InsideMobileApps InsideSocialGames 10,000 Words FishbowlNY FishbowlDC LostRemote TVNewser TVSpy AgencySpy PRNewser MediaJobsDaily UnBeige

The Never-Ending War on Chick Lit

Jennifer Weiner’s comments in yesterday’s SF Chronicle profile about critics, especially female critics, who, as reporter Jane Ganahl puts it, “hold that literature should be closer to Woolf than Bushnell in temperament” will come as little surprise to the author’s fans. “You don’t have to love the term chick lit,” she says, “but if you’re smart, you’ll realize the practical implications of that kind of labeling. Female protagonist, urban setting, smart, sarcastic voice. I don’t see why it matters if you’re thrown into this category. Unless you think you’re the next coming of Virginia Woolf, and then I guess it would be a problem for you.” (Note: Weiner has discussed this issue before, including a stint as a guest author at Beatrice last March.)

To Jessa “Bookslut” Crispin, them’s fighting words: “I didn’t realize that I was a bad feminist for pointing out that chick lit treats women like they’re stupid,” Crispin sneers back. Which leads Ed Champion to wonder what she’s on about, since Crispin never cites any actual chick lit to prove her case, and his reaction to Weiner’s latest, Goodnight Nobody, is that he “didn’t really get the sense that the female characters within its pages were stupid.” He adds, “Even when certain ‘chick lit’ novels disagreed with me, I nevertheless applauded these books for placing women’s issues to the forefront and having the courage to place these plots within popular literature.”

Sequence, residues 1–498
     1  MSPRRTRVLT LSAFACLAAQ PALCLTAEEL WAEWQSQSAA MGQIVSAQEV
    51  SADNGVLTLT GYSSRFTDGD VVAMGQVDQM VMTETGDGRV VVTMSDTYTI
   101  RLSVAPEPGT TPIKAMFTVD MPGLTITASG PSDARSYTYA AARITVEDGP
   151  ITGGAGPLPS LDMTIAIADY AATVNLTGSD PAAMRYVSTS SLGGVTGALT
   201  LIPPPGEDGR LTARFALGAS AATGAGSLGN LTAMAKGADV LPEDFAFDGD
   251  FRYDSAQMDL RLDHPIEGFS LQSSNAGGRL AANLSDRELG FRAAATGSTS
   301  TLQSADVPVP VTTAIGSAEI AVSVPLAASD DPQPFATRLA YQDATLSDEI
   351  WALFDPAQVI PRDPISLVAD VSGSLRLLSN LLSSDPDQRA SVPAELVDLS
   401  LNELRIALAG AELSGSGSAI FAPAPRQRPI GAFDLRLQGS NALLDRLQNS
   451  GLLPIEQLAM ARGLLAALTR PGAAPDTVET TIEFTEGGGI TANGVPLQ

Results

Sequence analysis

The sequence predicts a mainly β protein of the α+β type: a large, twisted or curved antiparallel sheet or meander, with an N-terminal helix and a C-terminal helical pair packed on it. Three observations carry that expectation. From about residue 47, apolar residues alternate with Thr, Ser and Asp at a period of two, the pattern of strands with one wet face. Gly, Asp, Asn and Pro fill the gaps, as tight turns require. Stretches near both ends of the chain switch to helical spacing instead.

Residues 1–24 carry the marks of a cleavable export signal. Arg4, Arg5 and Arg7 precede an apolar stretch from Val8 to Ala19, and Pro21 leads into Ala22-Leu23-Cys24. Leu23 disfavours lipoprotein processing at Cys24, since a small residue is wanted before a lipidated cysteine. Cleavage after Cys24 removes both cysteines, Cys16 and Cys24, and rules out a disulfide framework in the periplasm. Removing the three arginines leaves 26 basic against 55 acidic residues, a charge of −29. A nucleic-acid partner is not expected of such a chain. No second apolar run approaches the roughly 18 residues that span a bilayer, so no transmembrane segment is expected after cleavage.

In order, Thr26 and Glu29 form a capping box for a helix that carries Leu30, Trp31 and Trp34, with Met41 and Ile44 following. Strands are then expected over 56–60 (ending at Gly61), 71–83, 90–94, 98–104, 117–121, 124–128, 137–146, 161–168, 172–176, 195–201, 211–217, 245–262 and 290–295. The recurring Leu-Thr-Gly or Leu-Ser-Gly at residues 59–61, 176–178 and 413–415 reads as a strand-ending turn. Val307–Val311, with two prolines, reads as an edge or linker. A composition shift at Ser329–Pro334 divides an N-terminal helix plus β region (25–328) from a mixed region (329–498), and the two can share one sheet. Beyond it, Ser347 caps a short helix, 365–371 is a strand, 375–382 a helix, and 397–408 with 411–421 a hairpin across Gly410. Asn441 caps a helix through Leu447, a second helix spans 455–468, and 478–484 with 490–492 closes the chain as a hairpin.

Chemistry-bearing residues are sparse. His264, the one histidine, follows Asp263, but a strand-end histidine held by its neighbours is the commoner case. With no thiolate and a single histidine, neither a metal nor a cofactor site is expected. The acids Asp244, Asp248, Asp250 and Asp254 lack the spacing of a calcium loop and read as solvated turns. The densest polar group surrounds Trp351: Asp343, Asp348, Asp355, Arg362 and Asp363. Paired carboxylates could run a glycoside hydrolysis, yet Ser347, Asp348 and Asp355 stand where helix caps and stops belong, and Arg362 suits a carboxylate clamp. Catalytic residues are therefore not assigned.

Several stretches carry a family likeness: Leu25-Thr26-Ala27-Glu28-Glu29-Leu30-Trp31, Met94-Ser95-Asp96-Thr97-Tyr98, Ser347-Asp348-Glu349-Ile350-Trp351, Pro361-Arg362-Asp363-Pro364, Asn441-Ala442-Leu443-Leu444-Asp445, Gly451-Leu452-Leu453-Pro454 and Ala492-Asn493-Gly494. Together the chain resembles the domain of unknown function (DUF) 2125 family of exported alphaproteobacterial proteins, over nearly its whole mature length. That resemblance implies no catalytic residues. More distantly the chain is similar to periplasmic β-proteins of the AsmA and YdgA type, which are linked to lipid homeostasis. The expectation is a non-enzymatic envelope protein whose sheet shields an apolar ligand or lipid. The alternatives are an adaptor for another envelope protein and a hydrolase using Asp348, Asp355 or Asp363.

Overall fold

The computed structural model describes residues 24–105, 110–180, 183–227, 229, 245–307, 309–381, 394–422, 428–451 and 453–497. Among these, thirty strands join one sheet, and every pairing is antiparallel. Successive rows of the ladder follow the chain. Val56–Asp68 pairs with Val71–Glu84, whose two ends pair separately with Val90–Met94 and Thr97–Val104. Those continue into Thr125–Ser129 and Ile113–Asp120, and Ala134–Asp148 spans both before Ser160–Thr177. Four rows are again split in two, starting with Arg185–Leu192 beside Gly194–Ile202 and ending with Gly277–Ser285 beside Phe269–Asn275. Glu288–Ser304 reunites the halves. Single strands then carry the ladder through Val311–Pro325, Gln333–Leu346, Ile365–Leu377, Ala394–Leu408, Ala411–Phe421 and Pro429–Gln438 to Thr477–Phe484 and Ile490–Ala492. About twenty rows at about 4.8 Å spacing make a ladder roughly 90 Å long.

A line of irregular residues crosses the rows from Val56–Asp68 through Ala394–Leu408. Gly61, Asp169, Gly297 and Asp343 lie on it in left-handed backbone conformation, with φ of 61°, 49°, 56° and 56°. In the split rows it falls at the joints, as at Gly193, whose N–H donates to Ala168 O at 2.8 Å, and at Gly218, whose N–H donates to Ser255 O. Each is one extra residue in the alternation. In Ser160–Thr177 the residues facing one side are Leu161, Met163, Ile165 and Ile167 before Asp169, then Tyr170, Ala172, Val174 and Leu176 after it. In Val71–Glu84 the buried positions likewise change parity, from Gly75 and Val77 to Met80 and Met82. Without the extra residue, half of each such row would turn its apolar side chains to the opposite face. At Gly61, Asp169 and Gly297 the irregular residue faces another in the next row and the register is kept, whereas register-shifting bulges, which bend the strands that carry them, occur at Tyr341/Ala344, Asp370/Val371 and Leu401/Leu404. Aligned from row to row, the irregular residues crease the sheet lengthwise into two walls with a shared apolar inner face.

Of course, it’s always possible that Crispin meant that the books treat women readers like they’re stupid…but, again, Champion and others would probably find more specific criticisms useful.

Mediabistro Course

Novel Writing: Editing Your Draft

Novel Writing: Editing Your DraftStarting July 16, workshop your novel in-progress with a published author! Erika Mailman's course will function as a workshop, with the emphasis on sharing your work for review and providing critiques for your peers. By the end of this class you'll have up to 75 pages of you novel workshopped and developed patterns to improve your writing. Register now!